I was amazed at the bird’s brashness, as it fearlessly entered the confines of the porch, its eyes on the shrimp in my hand. Just to see how far trust had developed, I slowly backed into the living room, holding the enticing shrimp before me, dangling between my thumb and forefinger. Mooch followed me right in. I sat down on the sofa and the bird edged up to me. Then I held the dangling shrimp out and fed the egret from my hand. I admit it was a bit of a thrill to have the stately bird accept the food, almost a preternatural experience.

Mary was sitting across the room in a soft chair, and I whispered to her to get up slowly and grab the Polaroid from the top of the refrigerator. Waiting and staring into Mooch’s eyes, trying to freeze him in position, I told my wife to take a picture. She took several as I continued to feed the bird from my fingers. The egret seemed to be perfectly calm, unconcerned that it was trapped inside the house. Apparently, there were no vestigal memories of those sad days many decades ago, when its beautiful feathers were sought after to adorn fashionable hats.

Eventually, it became clear that unless I was prepared to have the bird gain dependent status on my tax return, I would have to lead it back out the door. That proved to be a simple task as the egret followed along, eyes intent on the bait in my hand. Throwing a few shrimp on the lawn outside our door, I stood aside as the bird exited and resumed its feast from the grass.

Returning to the sofa, Mary joined me and we looked at the three excellent shots she had taken. In one picture, her timing was perfect. The egret’s beak had just made contact with the shrimp hanging below my fingers. The other two photographs showed the bird in front of the coffee table, looking across at me as if in conversation.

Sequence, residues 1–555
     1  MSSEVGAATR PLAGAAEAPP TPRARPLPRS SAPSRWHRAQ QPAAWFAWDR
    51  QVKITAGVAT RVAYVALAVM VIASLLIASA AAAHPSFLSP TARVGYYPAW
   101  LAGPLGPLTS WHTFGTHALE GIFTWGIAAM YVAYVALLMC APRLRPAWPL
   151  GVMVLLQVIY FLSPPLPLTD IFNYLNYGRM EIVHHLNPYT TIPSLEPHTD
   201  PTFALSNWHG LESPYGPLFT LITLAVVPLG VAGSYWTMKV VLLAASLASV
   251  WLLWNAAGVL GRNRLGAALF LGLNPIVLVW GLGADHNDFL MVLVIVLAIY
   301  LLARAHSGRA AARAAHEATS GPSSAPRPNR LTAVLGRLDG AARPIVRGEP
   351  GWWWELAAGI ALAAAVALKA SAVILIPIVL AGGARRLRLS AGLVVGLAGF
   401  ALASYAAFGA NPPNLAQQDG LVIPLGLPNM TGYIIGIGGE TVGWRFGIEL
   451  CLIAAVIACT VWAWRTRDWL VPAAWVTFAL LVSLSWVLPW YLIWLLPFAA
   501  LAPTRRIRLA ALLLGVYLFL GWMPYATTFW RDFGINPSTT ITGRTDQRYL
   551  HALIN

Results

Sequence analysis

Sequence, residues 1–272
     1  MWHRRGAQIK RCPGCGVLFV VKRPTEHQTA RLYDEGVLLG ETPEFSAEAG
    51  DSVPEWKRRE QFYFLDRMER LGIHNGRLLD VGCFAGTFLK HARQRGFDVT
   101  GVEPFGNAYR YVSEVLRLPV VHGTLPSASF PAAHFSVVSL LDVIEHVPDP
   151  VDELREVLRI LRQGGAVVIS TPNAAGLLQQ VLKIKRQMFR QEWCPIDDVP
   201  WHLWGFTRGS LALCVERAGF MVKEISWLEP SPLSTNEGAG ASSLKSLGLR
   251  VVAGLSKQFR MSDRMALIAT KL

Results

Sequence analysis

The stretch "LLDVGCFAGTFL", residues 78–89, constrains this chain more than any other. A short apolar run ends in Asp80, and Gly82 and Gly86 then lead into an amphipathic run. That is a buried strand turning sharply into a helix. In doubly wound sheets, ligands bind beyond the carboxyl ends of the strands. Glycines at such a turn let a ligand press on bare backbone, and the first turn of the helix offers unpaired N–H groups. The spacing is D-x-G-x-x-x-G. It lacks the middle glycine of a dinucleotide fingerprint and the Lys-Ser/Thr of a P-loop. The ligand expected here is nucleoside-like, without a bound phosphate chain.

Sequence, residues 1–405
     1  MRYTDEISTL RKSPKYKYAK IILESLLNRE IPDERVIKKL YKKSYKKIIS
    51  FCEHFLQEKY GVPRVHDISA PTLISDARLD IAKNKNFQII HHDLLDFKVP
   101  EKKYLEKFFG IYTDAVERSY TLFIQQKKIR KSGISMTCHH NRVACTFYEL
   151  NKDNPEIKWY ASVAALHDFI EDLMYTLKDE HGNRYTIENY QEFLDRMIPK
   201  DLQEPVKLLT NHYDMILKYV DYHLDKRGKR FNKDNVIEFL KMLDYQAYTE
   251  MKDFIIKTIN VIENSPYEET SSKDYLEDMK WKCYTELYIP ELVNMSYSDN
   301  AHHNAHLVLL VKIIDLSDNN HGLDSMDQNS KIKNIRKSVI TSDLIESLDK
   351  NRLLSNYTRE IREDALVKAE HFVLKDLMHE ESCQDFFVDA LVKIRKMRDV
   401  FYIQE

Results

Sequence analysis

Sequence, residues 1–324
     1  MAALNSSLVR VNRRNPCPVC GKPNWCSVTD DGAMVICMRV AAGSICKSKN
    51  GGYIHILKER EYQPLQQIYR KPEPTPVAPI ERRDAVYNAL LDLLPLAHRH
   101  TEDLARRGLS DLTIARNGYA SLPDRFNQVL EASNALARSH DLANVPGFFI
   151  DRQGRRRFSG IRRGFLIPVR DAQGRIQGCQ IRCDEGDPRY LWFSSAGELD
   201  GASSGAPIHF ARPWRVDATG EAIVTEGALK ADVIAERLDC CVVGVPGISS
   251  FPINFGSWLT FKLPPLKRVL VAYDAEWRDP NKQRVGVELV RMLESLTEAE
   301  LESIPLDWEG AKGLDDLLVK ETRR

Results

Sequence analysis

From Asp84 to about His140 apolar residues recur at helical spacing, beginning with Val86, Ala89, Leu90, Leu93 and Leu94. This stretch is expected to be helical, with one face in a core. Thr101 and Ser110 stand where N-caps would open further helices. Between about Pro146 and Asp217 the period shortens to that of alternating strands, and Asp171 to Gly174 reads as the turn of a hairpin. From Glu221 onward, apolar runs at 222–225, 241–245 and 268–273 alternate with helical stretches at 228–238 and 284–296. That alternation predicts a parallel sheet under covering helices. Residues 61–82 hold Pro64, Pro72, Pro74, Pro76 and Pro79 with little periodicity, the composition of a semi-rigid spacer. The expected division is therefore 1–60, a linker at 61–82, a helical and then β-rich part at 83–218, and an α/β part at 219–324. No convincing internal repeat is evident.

The following afternoon, we showed the pictures to Bob and Jane. They were both delighted, and got a kick out of my story, sorry they’d missed the show. But their chance would come later. Sometime in the early evening, Mooch showed up again. Mary and I had gone off someplace this time, so we only heard the tale the next day.

It seems that Bob was out front cleaning dead bugs from the grille of his car, when Mooch paid a visit to my screen door. Jane, who was sitting on her own porch saw the bird and ran to her refrigerator. She grabbed the box of squid chunks, as there were no shrimp to dangle. This was to be her undoing.

Gamely, she stepped from her porch and offered a piece of squid to the egret. She held the bit of smelly meat between her thumb and forefinger. With no hesitation, Mooch came up to her and shot that great pointed beak at the squid. Unfortunately, a few of its razor-like serrated teeth brushed across Jane’s finger.

The next afternoon we saw Jane wearing a bandage on her hand. We learned that she had to go to the emergency room of the hospital a few hours earlier. During the night her finger had become infected and swelled up painfully. To her regret (Dare I say egret regret?), she found out that there is a lot of rotted sea life microscopically imbedded in the teeth of seabirds. Mooch, of course, was guilty of biting the hand that feeds him.

THE END

© By RickMack (jotoma@bellsouth.net)

© Art is by RickMack. You can find more of his art and poems on the 'Time On My Hands' website.